Jean never seemed to tire of watching sports contests her sons participated in and had only a handful of music and no dance recitals to enjoy. Her youthful outdoor activities returned as she took up golf as a new game played with her husband and later a dear friend and neighbor (Pauly Peterson) the mother of Larry’s friend.
After her sons were independent in school, Jean returned to work as secretary and administrative assistant in State of Idaho civil defense, and other employment pursuits until retirement. Those days included travel, sports activities, following the exploits of family members, and continued service to family, friends, neighbors, and church. She even took up oil painting and became proficient, but piano playing reigned and taking on the organ as a new instrument added to a growing list of accomplished talents.
After years of making shirts and pajamas for the boys and dresses for herself, her sewing skills took on an added dimension when she entered the world of quilting. Less interested in complex patterning or trying to tell a story, Jean was more into precision, socialization, teaching the skills, and providing a venue for many to experience firsthand the activity. Cherished by family members were the handmade grandmother quilts for new baby grandchildren and great grandchildren and the magnificent full-sized gifts at the marriage of children and grandchildren. Untold numbers of quilts were also donated to charity to provide warmth and comfort to others.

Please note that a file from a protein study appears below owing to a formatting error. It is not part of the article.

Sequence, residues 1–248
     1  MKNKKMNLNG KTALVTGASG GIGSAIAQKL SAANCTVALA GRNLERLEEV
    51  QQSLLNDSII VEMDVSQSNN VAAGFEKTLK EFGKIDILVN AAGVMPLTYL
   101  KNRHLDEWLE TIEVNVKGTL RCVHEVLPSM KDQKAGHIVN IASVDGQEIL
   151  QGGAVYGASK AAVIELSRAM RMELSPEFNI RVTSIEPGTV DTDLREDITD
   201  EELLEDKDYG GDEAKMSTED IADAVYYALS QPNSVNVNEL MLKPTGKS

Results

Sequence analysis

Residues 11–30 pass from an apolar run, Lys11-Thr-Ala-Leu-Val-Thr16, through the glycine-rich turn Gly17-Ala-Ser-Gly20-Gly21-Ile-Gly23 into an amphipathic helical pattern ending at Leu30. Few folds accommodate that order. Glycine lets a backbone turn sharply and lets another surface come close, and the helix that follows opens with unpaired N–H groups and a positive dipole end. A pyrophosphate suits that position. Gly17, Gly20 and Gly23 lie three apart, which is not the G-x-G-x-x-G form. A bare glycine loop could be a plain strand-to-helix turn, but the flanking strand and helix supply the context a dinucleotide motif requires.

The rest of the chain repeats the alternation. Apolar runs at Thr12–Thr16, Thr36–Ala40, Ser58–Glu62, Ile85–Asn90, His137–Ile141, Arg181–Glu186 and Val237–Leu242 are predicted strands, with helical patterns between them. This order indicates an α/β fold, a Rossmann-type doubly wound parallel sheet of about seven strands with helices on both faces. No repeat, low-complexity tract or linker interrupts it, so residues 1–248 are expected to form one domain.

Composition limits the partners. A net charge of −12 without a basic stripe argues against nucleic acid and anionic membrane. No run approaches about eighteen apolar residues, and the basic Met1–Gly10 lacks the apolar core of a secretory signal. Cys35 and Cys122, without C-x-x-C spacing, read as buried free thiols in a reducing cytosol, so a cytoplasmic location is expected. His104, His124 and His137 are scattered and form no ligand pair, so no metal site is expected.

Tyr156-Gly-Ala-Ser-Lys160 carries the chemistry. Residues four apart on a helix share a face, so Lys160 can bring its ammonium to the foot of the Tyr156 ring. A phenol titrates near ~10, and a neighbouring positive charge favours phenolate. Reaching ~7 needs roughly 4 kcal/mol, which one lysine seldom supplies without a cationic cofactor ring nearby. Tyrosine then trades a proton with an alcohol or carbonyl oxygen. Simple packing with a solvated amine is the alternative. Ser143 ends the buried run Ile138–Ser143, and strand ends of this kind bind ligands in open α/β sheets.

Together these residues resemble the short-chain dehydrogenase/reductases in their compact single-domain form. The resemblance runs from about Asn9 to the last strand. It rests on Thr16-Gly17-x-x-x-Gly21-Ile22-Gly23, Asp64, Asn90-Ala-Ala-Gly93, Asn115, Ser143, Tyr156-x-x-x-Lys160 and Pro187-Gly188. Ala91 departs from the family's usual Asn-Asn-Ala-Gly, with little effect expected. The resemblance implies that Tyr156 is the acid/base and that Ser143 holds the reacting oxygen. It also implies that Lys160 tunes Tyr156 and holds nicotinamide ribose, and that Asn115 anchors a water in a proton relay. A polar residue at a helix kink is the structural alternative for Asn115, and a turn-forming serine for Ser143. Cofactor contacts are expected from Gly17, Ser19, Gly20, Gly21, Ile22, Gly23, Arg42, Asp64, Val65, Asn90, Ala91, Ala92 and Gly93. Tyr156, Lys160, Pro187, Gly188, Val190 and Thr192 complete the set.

Procuring a timeshare in McCall, Idaho afforded additional fun filled time with family, especially local grandchildren. Some activities included pool and lake swimming, boating, hikes, and Grandma Jean’s crazy, unique card games where she was competitive with the grandchildren and was occasionally the winner. It was special for all who played. Memories are voluminous from these yearly exploits.
Reid’s passing in 1987 was difficult, but immersing herself in service, activities with friends and neighbors, helping with care for grandchildren, church activities, and other family duties filled some of the void. Despite efforts of many to help her continue the active life she loved, life was not the same and a measure of loneliness was present.
Five years later she found delightful and fulfilling married companionship with Fay L. Messinger that lasted a marvelous 28 years. The union blessed both Jean and Fay as they developed a lasting love and continued participation in shared activities and avocations. They continued along the same course of outdoor activities-especially golf, travel, following a now larger combined family, following their favorite sports teams, and service to others with joy. They enjoyed gardening, time and labor at Fay’s cabin, celebration of family milestones, and maintaining an active lifestyle that perpetuated happy, advanced personal years. Their companionship was remarkable even facing hearing difficulties and finally slowed mobility. They maintained Fay’s home and their personal lives independently with incredible capacity and awe by all observers.
She left mortal life after a brief illness on 3 September 2021 and leaves a lasting unsurpassed legacy as a mother, grandmother and great-grandmother.
A public visitation will be held (see details below) with private family services held following.
In lieu of flowers, a donation can be made to the The Church of Jesus Christ of Latter-day Saints Humanitarian Fund.
To send flowers to Jean's family, please visit our floral store.